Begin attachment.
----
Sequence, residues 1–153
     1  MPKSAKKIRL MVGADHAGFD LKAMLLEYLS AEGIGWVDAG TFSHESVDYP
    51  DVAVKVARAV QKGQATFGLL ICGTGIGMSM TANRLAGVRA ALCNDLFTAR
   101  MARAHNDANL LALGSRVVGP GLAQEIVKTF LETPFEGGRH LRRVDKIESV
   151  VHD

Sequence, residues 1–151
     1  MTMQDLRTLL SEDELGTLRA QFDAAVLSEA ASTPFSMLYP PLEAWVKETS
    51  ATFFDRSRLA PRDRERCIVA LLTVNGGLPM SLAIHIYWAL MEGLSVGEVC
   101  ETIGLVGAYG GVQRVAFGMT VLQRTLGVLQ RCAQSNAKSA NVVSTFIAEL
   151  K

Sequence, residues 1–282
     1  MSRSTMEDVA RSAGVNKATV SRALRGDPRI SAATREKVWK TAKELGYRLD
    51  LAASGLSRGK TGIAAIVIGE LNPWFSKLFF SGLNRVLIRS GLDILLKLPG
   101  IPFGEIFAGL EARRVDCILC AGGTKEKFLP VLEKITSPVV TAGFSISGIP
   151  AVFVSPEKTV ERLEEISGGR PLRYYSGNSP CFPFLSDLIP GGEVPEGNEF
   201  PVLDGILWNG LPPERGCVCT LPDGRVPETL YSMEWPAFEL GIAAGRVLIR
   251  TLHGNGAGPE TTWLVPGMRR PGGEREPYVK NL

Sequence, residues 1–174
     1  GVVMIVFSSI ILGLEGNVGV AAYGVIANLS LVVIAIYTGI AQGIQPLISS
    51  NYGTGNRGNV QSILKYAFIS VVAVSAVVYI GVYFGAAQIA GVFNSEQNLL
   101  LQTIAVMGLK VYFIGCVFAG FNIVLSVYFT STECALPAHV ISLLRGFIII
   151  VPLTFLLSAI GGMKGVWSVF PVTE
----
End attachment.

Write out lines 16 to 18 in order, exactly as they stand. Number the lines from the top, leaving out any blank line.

   201  PVLDGILWNG LPPERGCVCT LPDGRVPETL YSMEWPAFEL GIAAGRVLIR
   251  TLHGNGAGPE TTWLVPGMRR PGGEREPYVK NL

Sequence, residues 1–174